vulnerability and the Man, since he has no name, relies on instinct, and instinct is
remarkably powerful.”

       Kyle Mann recalls being nervous while Greenspan and Brody were meeting for
the first time. When he arrived to join them a little later, he was greatly relieved, he says,
because, “The first thing Adrien said to me was, “I want to do this film. It’s my favorite
script since The Pianist.””
       Mann notes that “The Pianist is practically silent, and Adrien tells so much with
his face. We knew he could do this movie. He’s also a very physical actor, and there
was no doubt in my mind that he’s an action star. It’s a great combination.”

       While the bottom fell out of the project a couple of times and there were several
stops and starts, Mann recalls how Greenspan never lost hope. Mann had personally
invested heavily in the project and was almost on the brink of financial ruin in the early
stages of financing the film. He recalls the commitment of the director and the star and
that it was their perseverance “that gave me the strength to keep going. In tough times
you really learn a lot about people.”

       Mann notes that Telefilm Canada’s support was also primordially important.
“They believed in this project from the very beginning. Telefilm was always there, gently
pushing us forward. It’s wonderful to have that kind of partner on a film. I don’t think
people realize what a rare gift that agency is.”


        “Working with Adrien has been one of the greatest experiences of my life,” says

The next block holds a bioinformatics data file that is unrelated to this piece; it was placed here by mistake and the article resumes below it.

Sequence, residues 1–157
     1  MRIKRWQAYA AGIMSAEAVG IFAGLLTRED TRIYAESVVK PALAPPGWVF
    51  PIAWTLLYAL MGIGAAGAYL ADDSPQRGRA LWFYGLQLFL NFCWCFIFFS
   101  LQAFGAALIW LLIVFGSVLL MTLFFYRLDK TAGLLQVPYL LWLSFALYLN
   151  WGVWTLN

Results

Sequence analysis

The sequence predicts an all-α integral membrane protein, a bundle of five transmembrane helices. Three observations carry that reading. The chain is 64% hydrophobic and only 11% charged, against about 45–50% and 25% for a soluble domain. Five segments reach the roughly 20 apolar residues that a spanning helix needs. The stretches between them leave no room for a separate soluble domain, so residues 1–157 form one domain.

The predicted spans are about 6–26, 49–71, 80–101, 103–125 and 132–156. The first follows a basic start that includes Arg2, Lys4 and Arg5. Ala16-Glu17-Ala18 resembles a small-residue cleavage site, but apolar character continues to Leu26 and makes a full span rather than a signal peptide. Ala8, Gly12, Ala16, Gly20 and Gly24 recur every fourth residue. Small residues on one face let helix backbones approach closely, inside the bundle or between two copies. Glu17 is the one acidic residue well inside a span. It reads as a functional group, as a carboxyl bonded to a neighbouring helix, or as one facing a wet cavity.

Greenspan. “He works from the gut. He’s very instinctual. He likes to be very present
in a situation. “
        The Academy Award-winning star arrived in Vancouver four days before the start
of principal photography. After make up and prosthetics tests, Brody and Greenspan
traversed the Strait of Georgia to Vancouver Island, where they would spend the next
month filming Wrecked. The actor and director spent the next few days together,
visiting the locations and talking. Greenspan says, “It was about finding a language to
communicate so that when we were on set it wouldn’t take 10 minutes to explain
something. We knew we wouldn’t have that luxury. So I had to learn who Adrien was
and how he worked very, very quickly.”
        Brody says, “I had many discussions with Michael. This was his first feature but
I really loved his point of view, creativity, enthusiasm and his clear understanding of
what he wanted to convey and how he would do it. When we finally worked together, it
was wonderfully collaborative.”
        Greenspan says, “Those four days were about listening to Adrien. Listening to
how he talked about his experiences, his likes and dislikes. And, by the time we were
ready to shoot, we had never really had any meetings about the movie or how we were
going to do it.”
        While Greenspan was extremely well prepared and diligent in his planning, he
notes that the one variable was, “I had no idea what Adrien was going to do, because we
never actually talked about it. I realized very quickly that he wasn’t someone who
wanted to be told what to do. He wanted to know the parameters.” So, at the beginning
of a scene, Greenspan would give his actor a general description of the action and tell
him where the camera would be. And as filming proceeded, he’d tell Brody less and
         Greenspan was thrilled. “What I’d think was going to be a 10 second scene he’d
turn into a complete story, with a beginning, middle and end.” But early into the

production, Greenspan realized that in order to capture Brody’s performance, he was
going to need more film.

       Filming Wrecked was physically grueling. Adrien Brody’s rigorous acting